Provide continuous training and professional development opportunities for specialized instructional support personnel and other personnel in the use of effective techniques to address academic, behavioral, emotional, social, mental health, and functional needs.
Provide technical assistance to State specialized instructional support coordinators, if any, as well as to local and State educational agencies in the provision of effective, scientifically based specialized instructional support services.
Coordinate specialized instructional support services programs and services in schools between the Department and other Federal agencies, as appropriate.
The table of contents for such Act is amended by redesignating the items relating to sections 219 and 220 as relating to sections 220 and 221, respectively, and by inserting after the item relating to section 218 the following new item:
Sec. 219. Office of Specialized
Grants to state educational agencies to reduce barriers to learning
Title I of the Elementary and Secondary Education Act of 1965 ( 20 U.S.C. 6301 et seq. ) is amended by redesignating part I as part J and by inserting after part H the following new part:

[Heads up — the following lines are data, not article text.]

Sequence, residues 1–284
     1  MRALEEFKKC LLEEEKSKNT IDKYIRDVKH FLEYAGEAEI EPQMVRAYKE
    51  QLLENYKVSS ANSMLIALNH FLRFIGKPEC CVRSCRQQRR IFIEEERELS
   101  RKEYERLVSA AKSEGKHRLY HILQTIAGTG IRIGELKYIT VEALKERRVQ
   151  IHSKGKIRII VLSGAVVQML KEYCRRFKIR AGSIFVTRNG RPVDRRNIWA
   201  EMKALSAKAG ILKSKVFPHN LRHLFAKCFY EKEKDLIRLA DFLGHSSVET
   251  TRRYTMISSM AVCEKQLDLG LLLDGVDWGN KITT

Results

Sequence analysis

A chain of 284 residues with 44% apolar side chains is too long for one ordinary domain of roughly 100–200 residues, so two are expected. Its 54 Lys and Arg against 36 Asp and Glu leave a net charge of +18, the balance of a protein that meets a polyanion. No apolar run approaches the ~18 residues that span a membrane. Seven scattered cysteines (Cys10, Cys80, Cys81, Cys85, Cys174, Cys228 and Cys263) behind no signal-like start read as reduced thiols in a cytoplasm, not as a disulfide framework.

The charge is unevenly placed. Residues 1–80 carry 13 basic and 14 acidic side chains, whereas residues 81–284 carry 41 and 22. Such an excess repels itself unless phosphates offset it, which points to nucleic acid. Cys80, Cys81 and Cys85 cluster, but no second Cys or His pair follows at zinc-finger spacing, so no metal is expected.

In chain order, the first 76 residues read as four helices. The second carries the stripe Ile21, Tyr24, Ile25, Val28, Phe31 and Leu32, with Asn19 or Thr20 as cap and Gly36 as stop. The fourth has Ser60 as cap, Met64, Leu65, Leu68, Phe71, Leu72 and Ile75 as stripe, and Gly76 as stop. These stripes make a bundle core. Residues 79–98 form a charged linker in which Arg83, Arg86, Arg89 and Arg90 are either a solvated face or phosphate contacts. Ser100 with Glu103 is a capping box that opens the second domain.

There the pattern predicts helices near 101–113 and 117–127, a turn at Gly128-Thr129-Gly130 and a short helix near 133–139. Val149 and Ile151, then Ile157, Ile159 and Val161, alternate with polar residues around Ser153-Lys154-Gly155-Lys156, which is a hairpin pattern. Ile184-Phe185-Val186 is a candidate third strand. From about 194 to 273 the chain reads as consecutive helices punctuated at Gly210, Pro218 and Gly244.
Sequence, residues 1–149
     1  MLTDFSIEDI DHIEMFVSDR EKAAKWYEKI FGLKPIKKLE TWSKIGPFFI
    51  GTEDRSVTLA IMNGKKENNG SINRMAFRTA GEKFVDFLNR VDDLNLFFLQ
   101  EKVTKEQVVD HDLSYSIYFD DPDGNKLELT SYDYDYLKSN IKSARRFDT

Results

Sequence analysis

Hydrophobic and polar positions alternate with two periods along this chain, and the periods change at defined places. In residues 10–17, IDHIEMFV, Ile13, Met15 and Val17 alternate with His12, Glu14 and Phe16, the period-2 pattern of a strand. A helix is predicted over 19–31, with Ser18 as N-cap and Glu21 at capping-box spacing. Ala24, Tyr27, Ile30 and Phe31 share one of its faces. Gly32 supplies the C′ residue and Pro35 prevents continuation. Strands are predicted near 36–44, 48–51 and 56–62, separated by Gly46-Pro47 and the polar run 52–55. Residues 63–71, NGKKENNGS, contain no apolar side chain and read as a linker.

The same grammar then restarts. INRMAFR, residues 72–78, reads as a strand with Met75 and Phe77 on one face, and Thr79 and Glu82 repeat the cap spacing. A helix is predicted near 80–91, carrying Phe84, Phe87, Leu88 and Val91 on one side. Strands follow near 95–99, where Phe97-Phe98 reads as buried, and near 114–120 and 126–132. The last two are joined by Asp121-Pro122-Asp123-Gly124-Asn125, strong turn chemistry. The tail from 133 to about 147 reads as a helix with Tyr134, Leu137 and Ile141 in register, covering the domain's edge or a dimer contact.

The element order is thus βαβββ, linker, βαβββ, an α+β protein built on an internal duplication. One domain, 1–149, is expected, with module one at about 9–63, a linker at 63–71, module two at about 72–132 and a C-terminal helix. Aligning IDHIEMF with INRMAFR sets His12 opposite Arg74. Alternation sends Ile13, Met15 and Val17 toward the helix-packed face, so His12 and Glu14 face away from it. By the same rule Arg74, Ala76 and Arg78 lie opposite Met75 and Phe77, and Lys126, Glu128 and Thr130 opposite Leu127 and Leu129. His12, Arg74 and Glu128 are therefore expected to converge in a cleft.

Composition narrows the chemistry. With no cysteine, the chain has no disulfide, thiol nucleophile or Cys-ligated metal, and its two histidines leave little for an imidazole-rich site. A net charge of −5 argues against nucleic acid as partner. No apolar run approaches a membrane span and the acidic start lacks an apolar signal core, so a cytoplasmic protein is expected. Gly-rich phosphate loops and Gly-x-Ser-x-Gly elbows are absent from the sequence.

Reduced barriers to learning
The purposes of this part are—
to build the capacity of States to identify and respond to the need for specialized instructional support services at the local educational agency level in order to promote student success for all students;
to promote comprehensive and coordinated delivery of services within and across Federal, State, and local educational agencies and in collaboration with available community agencies supports and services;
to promote evidenced-based practices that have demonstrated effectiveness in reducing barriers to learning and improving student outcomes;
to monitor the access, use, availability, and adequacy of resources, services, and personnel designed to specifically address barriers to learning at the district and individual school level;
to assist in the recruitment, retention, and adequate staffing of specialized instructional support personnel to meet the needs of students experiencing barriers to learning at the local educational agency and individual school level; and
to improve shared accountability for student outcomes by all school personnel.
Grants to state educational agencies
The Secretary may award competitive grants under this part to State educational agencies—
to establish or expand specialized instructional support services and programs at the State level that are designed to provide technical assistance, and coordinate and support specialized instructional support services and programs, for the purpose of addressing barriers to learning within local educational agencies and individual schools; and
to hire and support specialized instructional support services coordinators to provide such assistance, coordination, and support.
Barriers to learning